2. I’m confused. The inflation discussion and the Reinhart-Rogoff paper are two totally different discussions. Why can’t Krugman initiate a legitimate debate about one without bringing up the other?

    Now, if Krugman was saying “I disagree with Reinhart and Rogoff on everything they’ve ever done,” that would be a different story. But he’s not.

  3. I would put it differently. I would say that Carmen and Ken have been consistently pro-higher inflation, pro-debt writedowns, anti-fiscal expansion, all as part of their general orientation toward S=i rather than C+I+G=Y formulations of macro. The problem is that monetary expansion at appropriate scale and debt writedowns have been mostly frozen for three years, with all the policy action coming on the fiscal side, where their influence has been overwhelmingly to reinforce the “we have to cut the deficit now! We dare not let the debt-to-annual-GDP ratio go above 90%!” side.

    There is an alternate universe–one I really wished we lived in–in which Ken Rogoff, Carmen Reinhart, Greg Mankiw, Christie Romer, and Larry Ball led a politically-effective “we need a higher inflation target” campaign over the past four years. But, alas, we do not live there…

  4. You make it sound as if Krugman thought the initial stimulus was big enough. He never did. He always said that it was too small. Also, R&R have to admit that causality probably runs the other way: Slow growth probably leads to high debt. This is one of Krugman’s major points. Also, he has defended R&R many times. He’s very balanced. You are not.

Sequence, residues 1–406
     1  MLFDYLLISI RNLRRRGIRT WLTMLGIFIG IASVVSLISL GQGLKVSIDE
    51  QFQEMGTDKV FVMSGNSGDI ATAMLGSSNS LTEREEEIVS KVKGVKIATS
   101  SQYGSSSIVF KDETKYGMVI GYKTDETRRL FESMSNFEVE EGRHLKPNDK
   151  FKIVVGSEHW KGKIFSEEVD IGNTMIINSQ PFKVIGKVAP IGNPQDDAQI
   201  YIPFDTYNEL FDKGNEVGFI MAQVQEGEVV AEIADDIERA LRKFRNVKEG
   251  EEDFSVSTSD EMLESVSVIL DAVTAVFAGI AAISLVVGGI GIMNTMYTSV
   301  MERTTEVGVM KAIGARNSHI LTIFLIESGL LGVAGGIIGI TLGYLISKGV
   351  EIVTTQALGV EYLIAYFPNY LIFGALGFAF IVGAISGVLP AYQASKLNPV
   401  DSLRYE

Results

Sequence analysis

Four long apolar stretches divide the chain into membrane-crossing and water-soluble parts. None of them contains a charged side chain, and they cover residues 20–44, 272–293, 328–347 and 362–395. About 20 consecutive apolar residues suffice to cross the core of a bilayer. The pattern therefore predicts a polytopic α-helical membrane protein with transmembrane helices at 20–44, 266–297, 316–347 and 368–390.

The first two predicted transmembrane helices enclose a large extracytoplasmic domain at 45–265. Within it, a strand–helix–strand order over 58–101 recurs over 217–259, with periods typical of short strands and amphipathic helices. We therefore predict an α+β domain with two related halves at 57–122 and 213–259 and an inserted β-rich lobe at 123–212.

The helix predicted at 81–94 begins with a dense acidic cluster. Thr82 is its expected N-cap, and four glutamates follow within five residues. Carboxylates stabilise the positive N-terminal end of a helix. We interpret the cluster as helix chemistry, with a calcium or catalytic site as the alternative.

5. Larry Summers deliberately understated the size of the required stimulus because he didn’t want to get cross-ways with the Obama political team, according to Noam Scheiber.

    Krugman was right. Summers was intellectually dishonest.

  6. The question is, who is correct?

    If Reinhart and Rogoff are correct that there is a sharp “cliff” — a substantial decline in growth at 90% debt-to-gdp. You say they won the debate on the merits, why not show your readers the “cliff” with a simple graph? Paul Krugman was able to back up his points with actual data. Where is yours?

    And since Reinhart and Rogoff have repeatedly implied and hinted at a causal relationship running from debt to growth (including in their letter to Krugman), why not also plot the debt-to-gdp ratio verse 5 year leads and lags of growth, just to show your readers how Reinhart and Rogoff are correct on the merits?

    If Krugman is so wrong on this, then you owe it to your readers to show them.

    Why not let the data speak in this case?

  7. Don’t you have it backwards?

    Didn’t R+R, having ballyhooed their study, get busted with their own thumbs on the scale?

    Didn’t R+R want an influential popular pulpit and overstate their case?

    And aren’t they a little bit peeved, having stooped to popularization and politics, to be bested by the despised popularizer, and now abasing themselves with further ad-hominem?

  8. David, at several points in their letter to Krugman, Reinhart and Rogoff again assert a causal relationship from debt to growth.